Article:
Mildred Thompson was a black American painter, sculptor, photographer, musician, journalist, editor … the list continues. Universality was a theme in her choice of mediums as well as her message. Even after notable success, including a residency at the MacDowell Colony and acquisitions by the Museum of Modern Art, Thompson fled the racial turmoil and gender discrimination of the States to live and work in Europe throughout the 1960s and ’70s. She spent the last decades of her life (1986-2003) in Atlanta, as a professor at Spelman, Morris Brown, Agnes Scott, and the Atlanta College of Art, as well as working as an associate editor at Art Papers. The legacy of her teaching and artwork lives on in Atlanta. So “Mildred Thompson: Resonance, Selected Works from the 1990s,” at the SCAD Museum of Art in Savannah, is an overdue look at one of Atlanta’s own, not far from home.
When walking into the exhibition — curated by Melissa Messina, curator of the Mildred Thompson Legacy Project and the newly appointed curator of Flux Projects — viewers first encounter a sizable space with four surrounding walls. On each of those walls is one large oil painting from Thompson’s Music of the Spheres series from 1996—abstract renderings of the planets Mars, Venus, Jupiter and Mercury. Even though the paintings look nothing like NASA’s awe-inspiring images of cosmic bodies, they are cosmic, or vast, in their interpretations of the universe and its workings. As I stood in the center of that quartet, the paintings, with their bright colors and bursting shapes, began to feel like orbiting bodies, as if some sort of gravity connected me with them and them with each other.
Perhaps that’s why the word “resonance” is so apt in the title of the exhibition. All the works in the show, which vary from paintings to prints to pastels, vibrate off each other. A grand echo of creation, dissolution, uncertainty and wonder reverberates in the art. The work recalls the spirituality and musicality of the later works of Russian painter Wassily Kandinsky, with the interplay between vibrant color and expressive yet decisive circles and lines; Kandinsky once wrote, “The circle is the synthesis of the greatest oppositions. It combines the concentric and the eccentric in a single form and in equilibrium. Of the three primary forms, it points most clearly to the fourth dimension.”
Thompson’s study of science influenced her art-making, as is evident in works like Magnetic Fields, a diptych grounded by a stunning yellow disrupted by deliberate yet expressive red strokes, or Hysteries III, with the constant change of its staccato oil pastel marks and its title’s possible portmanteau of “mysteries” and the physical concept of “hysteresis,” which is defined as “a retardation of an effect when the forces acting upon a body are changed,” particularly in relation to magnetism. Considering Thompson’s move to Germany to escape discrimination, the title could reference her struggle to process the history and status of black Americans despite the forces of oppression and racism.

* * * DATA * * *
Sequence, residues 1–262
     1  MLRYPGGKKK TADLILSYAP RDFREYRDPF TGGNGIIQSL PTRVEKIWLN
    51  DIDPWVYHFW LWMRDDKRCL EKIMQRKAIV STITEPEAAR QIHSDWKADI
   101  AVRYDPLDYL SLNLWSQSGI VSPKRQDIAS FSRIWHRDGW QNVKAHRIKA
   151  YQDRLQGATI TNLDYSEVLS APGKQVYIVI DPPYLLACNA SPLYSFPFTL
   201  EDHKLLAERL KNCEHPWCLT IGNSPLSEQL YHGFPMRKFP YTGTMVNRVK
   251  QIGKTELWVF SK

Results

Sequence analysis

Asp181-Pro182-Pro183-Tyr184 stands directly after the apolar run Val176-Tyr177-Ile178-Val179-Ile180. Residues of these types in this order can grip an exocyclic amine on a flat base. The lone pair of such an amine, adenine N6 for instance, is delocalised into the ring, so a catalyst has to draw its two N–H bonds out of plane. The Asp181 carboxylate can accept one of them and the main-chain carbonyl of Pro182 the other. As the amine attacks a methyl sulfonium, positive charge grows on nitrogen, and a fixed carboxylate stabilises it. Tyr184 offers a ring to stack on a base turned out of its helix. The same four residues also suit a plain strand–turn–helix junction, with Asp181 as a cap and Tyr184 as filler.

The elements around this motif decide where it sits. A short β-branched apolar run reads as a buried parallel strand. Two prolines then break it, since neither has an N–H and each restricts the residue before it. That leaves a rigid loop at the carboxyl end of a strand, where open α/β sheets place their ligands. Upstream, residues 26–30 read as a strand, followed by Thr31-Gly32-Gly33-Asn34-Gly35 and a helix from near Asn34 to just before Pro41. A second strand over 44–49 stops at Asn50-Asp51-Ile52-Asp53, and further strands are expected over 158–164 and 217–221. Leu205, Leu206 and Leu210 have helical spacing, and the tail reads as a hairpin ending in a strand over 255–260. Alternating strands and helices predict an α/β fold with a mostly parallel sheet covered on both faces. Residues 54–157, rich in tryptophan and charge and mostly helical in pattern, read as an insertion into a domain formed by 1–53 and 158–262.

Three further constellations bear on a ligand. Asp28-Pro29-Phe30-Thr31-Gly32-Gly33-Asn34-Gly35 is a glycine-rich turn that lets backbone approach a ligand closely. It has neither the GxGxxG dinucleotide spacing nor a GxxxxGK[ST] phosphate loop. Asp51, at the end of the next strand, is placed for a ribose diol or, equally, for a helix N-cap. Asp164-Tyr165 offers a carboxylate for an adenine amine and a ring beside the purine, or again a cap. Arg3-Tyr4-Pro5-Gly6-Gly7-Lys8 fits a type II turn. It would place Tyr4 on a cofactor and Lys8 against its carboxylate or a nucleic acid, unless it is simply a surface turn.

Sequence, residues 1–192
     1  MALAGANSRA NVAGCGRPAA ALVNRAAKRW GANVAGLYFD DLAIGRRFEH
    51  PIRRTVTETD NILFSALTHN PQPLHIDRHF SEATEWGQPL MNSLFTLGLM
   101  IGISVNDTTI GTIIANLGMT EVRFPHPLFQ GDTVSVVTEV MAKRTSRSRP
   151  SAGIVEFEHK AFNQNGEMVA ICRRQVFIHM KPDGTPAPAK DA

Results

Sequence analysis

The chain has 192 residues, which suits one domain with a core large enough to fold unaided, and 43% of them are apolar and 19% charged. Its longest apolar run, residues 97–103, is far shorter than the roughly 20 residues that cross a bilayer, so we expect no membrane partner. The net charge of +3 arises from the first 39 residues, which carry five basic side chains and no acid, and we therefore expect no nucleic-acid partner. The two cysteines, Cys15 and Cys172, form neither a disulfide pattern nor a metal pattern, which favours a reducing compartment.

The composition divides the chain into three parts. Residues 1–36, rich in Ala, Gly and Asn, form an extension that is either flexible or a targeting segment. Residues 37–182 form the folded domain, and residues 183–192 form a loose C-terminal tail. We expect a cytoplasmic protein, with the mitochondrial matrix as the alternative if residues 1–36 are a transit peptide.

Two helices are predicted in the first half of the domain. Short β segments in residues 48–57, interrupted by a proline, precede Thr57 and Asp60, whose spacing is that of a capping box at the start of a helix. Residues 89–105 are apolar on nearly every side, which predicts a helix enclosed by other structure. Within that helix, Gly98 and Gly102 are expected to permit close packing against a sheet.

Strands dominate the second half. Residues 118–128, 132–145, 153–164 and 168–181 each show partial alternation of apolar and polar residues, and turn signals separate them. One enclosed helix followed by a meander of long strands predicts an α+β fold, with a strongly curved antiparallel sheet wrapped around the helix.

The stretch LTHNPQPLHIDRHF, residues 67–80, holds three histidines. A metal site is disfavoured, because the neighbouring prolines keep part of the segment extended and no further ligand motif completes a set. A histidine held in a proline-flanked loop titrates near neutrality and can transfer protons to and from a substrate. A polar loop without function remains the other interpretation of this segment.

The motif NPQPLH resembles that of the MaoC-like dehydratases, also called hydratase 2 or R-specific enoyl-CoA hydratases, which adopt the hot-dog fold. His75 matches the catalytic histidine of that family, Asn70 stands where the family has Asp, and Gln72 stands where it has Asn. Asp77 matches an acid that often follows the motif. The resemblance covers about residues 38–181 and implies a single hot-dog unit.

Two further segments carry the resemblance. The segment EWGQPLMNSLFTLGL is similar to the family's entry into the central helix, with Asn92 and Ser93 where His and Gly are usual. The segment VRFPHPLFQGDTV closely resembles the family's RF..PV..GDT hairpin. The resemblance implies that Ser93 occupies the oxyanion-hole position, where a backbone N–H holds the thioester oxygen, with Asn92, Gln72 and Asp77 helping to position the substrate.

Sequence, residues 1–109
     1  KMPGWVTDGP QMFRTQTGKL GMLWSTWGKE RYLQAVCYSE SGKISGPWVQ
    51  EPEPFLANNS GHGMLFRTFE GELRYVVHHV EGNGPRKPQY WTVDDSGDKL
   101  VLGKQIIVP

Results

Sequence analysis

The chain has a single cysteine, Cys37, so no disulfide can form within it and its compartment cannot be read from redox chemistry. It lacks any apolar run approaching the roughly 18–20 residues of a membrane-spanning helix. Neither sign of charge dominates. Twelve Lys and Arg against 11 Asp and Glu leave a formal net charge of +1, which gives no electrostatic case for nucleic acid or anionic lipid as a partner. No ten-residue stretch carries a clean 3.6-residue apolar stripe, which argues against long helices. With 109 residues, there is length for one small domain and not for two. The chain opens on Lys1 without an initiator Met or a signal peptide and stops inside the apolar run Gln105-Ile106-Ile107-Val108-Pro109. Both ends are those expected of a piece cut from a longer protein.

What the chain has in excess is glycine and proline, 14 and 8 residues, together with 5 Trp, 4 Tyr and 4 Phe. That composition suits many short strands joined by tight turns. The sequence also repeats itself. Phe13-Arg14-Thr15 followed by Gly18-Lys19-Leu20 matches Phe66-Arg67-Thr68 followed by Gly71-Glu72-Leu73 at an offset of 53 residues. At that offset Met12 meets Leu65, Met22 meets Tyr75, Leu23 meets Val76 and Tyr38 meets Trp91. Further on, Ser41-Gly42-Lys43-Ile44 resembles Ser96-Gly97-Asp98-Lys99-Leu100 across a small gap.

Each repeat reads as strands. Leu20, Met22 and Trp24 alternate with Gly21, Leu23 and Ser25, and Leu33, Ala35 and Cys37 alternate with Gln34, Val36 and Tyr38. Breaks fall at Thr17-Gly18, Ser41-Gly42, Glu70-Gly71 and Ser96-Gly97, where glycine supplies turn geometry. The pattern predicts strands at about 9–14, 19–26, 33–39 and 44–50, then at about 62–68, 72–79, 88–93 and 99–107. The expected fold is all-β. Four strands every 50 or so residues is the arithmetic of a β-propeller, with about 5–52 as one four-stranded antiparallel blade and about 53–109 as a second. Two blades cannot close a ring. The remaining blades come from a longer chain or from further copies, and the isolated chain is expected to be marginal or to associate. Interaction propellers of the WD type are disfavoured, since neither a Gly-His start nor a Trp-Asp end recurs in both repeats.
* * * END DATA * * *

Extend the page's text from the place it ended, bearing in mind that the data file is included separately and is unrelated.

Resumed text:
Although her works don’t overtly address the sexism and racism she faced in the U.S., they do reflect her fascination with the complexity of human existence and the universe and her attempt to decipher the world In the serigraph Advancing Impulses 36, Thompson implies depth through repetition and motion. Small, horseshoe-like shapes explode from one side of a mass of concentric almost-circles. On the other side, the horseshoe shapes spill out of the central mass, stretched to become a wave of elongated parentheses. A whirl of colorful marks fills the background for this scene of actions and consequences, of birth and death, of growth and decay. Separately, the shapes are meaningless; together, they form an image of transformation that can be felt, even if not understood.
In Thompson’s art, I can feel the presence of forms, even when they’re not fully described. In this way, the artist’s own musings on the nature of the universe and our knowledge of it appear in the work. In the bottom left corner of the 12-by-8-foot Music of the Spheres: Mercury, a spherical shape, possibly the planet itself, materializes in the space between curved red lines. But in the painting, there are many circles in formation. Could they depict Mercury rotating on its axis? Traveling in orbit? Or are they other planets? The work is full of matter, even when I have to fill in the blanks. Take the Muliebris Series—delicate, precise etchings whose darkness and economy of space recalls Thompson’s earlier Five Mysteries Series but with more stillness and room for contemplation.
Even though the works in “Resonance” are just a fragment of her decades-spanning oeuvre, they show the breadth of her technical skill and philosophical expression. Thompson moved in the abstract in artistic practice and in thought, and her interpretations of the world are worth seeing—well, experiencing, because as her work suggests, what one sees and knows is always in motion.
“Mildred Thompson: Resonance, Selected Works from the 1990s” is on view at the SCAD Museum of Art through October 2.
Yves Jeffcoat is an Atlanta-based writer and was a participant in the inaugural cycle of BURNAWAY’s Emerging Art Writers Mentorship Program.